Taken from the NOAA Public Image Library
For most birders a pair of binoculars or a scope can be the best way to spot birds, if not just the naked eye. But there’s another very interesting way to see them from a different perspective: radar.
Most migratory birds do their travelling at night. Calmer atmospheric conditions, lack of bird-eating avian predators, and cooler temperatures are among the proposed reasons for this behavior. Except for the occasional few birds that you can observe passing in front of the moon, it is impossible to actually see the massive numbers of birds that flood our skies in the spring and fall as they migrate to and from the Boreal. But radar imaging can help capture these birds’ activity long after the sun sets.
Birds typically begin migrating about a half hour after sunset, peaking at about 2 hours after sunset. The effect on radar images is a sudden explosion of activity surrounding the radar site during those times. As the night goes on and morning approaches, the birds look for a good landing spot and the activity on the radar simmers down considerably.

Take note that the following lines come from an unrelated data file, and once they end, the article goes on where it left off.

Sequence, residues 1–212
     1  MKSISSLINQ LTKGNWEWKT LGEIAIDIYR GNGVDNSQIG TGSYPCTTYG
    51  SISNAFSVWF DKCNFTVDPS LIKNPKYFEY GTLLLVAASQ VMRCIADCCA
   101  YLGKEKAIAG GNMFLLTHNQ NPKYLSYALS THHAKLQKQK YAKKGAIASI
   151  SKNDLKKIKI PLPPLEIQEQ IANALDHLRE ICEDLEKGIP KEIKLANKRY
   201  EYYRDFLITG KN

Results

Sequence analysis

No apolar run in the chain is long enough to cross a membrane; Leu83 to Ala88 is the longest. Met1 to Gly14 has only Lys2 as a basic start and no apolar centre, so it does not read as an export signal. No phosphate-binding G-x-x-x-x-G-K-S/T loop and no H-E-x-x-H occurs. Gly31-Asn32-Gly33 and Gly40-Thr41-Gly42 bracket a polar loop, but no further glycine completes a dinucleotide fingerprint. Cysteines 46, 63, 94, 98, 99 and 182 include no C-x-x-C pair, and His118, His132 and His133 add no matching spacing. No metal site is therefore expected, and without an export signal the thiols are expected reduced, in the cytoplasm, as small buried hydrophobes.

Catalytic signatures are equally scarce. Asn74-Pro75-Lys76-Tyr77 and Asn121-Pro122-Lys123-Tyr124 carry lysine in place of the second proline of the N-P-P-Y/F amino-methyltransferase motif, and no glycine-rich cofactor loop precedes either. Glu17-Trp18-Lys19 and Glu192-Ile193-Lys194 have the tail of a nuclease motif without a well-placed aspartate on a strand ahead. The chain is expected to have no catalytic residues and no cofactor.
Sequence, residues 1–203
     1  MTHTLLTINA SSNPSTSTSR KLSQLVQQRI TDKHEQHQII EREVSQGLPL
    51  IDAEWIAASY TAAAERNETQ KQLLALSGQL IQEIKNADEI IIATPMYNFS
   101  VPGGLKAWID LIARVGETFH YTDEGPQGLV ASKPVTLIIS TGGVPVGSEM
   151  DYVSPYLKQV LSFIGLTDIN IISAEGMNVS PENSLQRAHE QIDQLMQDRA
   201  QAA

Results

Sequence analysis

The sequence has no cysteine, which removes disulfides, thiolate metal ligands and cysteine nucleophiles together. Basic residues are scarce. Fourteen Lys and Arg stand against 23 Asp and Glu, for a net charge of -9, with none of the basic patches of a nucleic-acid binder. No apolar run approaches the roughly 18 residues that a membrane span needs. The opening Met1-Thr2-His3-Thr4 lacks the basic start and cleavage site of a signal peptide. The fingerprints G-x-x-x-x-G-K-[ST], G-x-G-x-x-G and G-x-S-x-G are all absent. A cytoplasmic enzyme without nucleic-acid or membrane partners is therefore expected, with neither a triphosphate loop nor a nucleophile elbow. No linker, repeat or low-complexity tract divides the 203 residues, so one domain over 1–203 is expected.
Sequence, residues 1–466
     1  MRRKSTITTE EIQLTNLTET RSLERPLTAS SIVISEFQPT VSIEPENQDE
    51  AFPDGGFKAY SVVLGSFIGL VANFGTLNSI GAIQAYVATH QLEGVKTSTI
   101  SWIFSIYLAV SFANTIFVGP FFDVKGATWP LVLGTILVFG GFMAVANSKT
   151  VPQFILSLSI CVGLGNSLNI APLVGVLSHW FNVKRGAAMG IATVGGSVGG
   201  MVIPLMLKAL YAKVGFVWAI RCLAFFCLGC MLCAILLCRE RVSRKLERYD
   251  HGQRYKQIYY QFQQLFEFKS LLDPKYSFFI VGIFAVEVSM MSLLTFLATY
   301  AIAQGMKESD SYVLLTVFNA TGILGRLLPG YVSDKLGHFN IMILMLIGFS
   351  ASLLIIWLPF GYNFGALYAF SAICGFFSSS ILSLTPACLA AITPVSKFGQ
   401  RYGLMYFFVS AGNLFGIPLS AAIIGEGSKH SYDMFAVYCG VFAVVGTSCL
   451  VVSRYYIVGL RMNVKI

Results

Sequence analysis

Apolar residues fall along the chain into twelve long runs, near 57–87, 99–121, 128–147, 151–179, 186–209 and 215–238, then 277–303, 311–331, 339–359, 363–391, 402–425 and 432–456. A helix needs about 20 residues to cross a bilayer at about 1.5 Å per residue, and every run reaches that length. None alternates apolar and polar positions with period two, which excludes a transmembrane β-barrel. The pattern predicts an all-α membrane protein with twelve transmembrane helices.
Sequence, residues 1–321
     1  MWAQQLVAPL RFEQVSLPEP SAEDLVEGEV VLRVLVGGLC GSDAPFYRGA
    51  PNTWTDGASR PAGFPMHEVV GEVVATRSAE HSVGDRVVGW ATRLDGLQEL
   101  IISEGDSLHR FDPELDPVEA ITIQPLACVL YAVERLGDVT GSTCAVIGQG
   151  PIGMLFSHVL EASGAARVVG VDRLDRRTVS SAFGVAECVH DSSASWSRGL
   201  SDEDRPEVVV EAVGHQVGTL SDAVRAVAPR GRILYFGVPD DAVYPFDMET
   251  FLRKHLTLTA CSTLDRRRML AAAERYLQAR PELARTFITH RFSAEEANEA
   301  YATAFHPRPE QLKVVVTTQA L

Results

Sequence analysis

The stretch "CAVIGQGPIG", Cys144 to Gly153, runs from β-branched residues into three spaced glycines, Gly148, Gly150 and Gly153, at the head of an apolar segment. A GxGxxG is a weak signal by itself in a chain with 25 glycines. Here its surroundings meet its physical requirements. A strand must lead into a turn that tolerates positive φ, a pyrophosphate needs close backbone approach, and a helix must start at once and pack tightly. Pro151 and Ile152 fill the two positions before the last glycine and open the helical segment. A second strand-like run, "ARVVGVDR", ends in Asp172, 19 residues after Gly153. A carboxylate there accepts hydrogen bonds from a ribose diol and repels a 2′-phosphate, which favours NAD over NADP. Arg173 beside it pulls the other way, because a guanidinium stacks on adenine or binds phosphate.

A few nights ago there was a great display of this on the East Coast, where clear skies allowed for undisturbed shots of an enormous outpouring of birds. Here’s a shot from around 9-10 pm Eastern Time – you can see that the highest activity is in the East, matching the notion that the peak is a few hours after sunset:
Woodcreeper is a great blog that has been tracking night migration frequently on the East Coast. Here’s an interesting one posted by Woodcreeper – it was taken one night after the image above and is of birds migrating south out of Florida into the Caribbean. If you click on it, it will show you a loop of the night’s events. I thought this one was particularly fun to watch as you can see clouds moving adjacent to the birds’ southern movement, easily showing what are birds and what are not: